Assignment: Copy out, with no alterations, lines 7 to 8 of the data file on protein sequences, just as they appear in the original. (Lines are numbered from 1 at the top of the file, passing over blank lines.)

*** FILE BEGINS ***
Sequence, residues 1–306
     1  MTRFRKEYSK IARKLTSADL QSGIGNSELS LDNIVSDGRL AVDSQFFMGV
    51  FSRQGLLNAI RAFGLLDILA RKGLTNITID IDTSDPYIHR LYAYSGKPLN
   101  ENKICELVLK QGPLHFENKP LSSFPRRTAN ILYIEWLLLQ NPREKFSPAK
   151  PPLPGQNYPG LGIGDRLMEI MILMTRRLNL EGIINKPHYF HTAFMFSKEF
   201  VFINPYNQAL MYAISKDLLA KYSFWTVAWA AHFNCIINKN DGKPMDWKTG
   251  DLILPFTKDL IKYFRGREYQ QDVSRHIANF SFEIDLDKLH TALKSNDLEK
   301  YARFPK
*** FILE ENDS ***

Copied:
   251  DLILPFTKDL IKYFRGREYQ QDVSRHIANF SFEIDLDKLH TALKSNDLEK
   301  YARFPK